‘I’VE learned that so-called failures are actually just the other side to success. My being off the radar has allowed this moment to happen. Now I’ve come back I’ve got the hunger of a 16-year-old kid again, and it’s so much sweeter the second time round.’
So says self-professed ‘Mister Positive’ Craig David, 35, who has reason to feel sanguine as he leans back on a record industry office sofa and beams, enjoying what must be the biggest pop comeback of recent times.
Last year he played a 350-capacity venue in Hackney, north-east London, ‘to test the water’. Fast forward and he has just announced a giant arena tour for next spring, with an on-fire Glastonbury debut and a legendary Ibiza Rocks performance under his belt. David has been on a rollercoaster since the late 1990s, one that’s a lesson in our proclivity to build someone up only to tear them down.
In 2000, Born To Do It became the fastest-selling debut album released by a male British solo act, spearheading UK garage and spawning two No.1 singles. The infamous but amusing lyrics to 7 Days notwithstanding, David was a Y2K superstar with the world at his feet. Until one day, along came Bo’ Selecta! with its rubber-masked caricature and ubiquitous catchphrases. David had become a laughing stock, and it was clearly difficult to know how to respond.
The Southampton-raised star moved to Miami, rattling around a gaudy monochrome apartment papered with giant photos of scantily dressed women and posting endless #EatCleanTrainDirty selfies on Instagram. For a long while he seemed a little, well, lost — even as he was supposedly living the high life.
‘It wasn’t fulfilling me,’ says David, swigging from a big bottle of squash. ‘I was so far removed from my friends, my family, the culture and the music that I love in the UK. I ended up cancelling my ticket back to Miami and I owe so much to that decision. The material things won’t give you the satisfaction you’re looking for. Been there, done that.’
Fed up with red-roped VIP areas and sparklers in bottles, David started hosting house parties, an inclusive vibe he now carries over in his TS5 live shows. And luckily, following a scary bodybuilding phase, he seems to have learned to enjoy the odd sarnie again, now he’s living back in Blighty.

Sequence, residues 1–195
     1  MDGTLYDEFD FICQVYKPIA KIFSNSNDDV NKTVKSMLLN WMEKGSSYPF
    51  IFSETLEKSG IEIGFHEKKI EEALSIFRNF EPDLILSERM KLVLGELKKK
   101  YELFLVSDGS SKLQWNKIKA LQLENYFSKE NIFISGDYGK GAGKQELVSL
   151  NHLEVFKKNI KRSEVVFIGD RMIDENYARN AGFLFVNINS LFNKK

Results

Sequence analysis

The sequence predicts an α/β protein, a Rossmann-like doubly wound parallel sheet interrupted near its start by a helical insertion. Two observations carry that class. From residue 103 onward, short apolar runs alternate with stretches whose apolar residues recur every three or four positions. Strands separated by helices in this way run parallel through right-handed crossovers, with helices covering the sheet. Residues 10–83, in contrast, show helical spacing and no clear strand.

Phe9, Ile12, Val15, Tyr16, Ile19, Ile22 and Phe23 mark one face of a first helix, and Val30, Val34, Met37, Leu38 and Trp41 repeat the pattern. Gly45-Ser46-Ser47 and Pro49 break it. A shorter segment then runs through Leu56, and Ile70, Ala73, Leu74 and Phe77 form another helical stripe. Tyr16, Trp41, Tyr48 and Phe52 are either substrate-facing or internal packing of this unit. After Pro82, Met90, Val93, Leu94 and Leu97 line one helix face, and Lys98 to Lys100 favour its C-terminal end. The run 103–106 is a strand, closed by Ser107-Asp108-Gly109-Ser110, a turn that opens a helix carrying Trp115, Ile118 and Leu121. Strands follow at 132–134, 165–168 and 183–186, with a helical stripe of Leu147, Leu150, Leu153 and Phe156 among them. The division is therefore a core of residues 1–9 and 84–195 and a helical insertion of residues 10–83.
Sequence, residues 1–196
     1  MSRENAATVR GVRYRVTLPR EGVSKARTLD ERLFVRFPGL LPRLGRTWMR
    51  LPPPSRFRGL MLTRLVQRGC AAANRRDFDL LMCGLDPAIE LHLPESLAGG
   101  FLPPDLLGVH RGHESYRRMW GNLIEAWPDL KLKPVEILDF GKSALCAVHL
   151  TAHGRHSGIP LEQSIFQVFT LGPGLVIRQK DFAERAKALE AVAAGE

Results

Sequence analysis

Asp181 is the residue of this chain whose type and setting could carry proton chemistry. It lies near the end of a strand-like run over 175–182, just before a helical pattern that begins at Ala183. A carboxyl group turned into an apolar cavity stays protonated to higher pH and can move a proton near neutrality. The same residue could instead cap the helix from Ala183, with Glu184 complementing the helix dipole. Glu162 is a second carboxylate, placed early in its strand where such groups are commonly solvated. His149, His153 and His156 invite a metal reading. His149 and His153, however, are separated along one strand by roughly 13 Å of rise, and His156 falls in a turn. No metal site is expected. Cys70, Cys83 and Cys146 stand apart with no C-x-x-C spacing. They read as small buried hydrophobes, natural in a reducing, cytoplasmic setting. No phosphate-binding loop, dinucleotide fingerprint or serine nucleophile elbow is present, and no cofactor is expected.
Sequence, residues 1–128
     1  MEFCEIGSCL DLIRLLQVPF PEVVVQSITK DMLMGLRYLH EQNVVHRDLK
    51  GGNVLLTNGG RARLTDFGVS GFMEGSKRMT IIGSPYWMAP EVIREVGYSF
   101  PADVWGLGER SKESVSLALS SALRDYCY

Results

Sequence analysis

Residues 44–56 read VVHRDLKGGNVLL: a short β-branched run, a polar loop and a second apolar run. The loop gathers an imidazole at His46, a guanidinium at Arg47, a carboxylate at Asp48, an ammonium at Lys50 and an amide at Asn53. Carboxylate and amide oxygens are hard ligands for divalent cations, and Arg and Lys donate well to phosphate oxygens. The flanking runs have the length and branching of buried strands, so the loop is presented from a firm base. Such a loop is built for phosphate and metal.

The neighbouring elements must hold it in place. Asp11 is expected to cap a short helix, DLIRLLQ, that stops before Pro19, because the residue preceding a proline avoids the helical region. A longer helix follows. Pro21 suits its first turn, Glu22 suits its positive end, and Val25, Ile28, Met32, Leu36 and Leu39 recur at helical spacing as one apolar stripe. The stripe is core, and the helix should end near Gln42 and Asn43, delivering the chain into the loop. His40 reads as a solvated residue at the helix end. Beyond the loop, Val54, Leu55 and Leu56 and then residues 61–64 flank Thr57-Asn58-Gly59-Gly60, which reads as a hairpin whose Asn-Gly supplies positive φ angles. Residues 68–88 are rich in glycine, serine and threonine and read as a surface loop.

‘I looked 30 years older in the face, like ET,’ he admits. ‘Part of it was sort of having been overweight as a kid. Psychologically, I took it too seriously.’
David’s new album impresses, showcasing just how much he has still got it as a songwriter. The first half is stuffed with out-and-out bangers made with UK stars such as Big Narstie and Blonde; the second a more chilled selection of R&B jams. Unmistakably British in vibe, the album goes a long way to explaining why David is appealing not only to the ‘all over your boink’ generation but also to a crowd who weren’t born when he first made it big. And he’s embracing the modern realities of smartphone and social media fame.
‘I genuinely get so happy when someone comes up and asks for a selfie,’ he insists. ‘Or if I see people going nuts to a song on Instagram and I can actually respond. I’ve never had that before. And isn’t that what this is all about? You can run around with statistics all day long. If I’ve made an impact on that many people’s lives, then that excites me.’
In an era when irony and cynicism reign supreme, David’s puppyish earnestness and love of a cheesy affirmation could be all too easy to mock. But, you know what, it seems to be working out for him. And he’s also just really, really damn nice. Enjoy your Craigaissance, Mr David. You deserve it.
Craig David’s new album, Following My Intuition, is out on Friday. Tickets for his UK arena tour are on sale now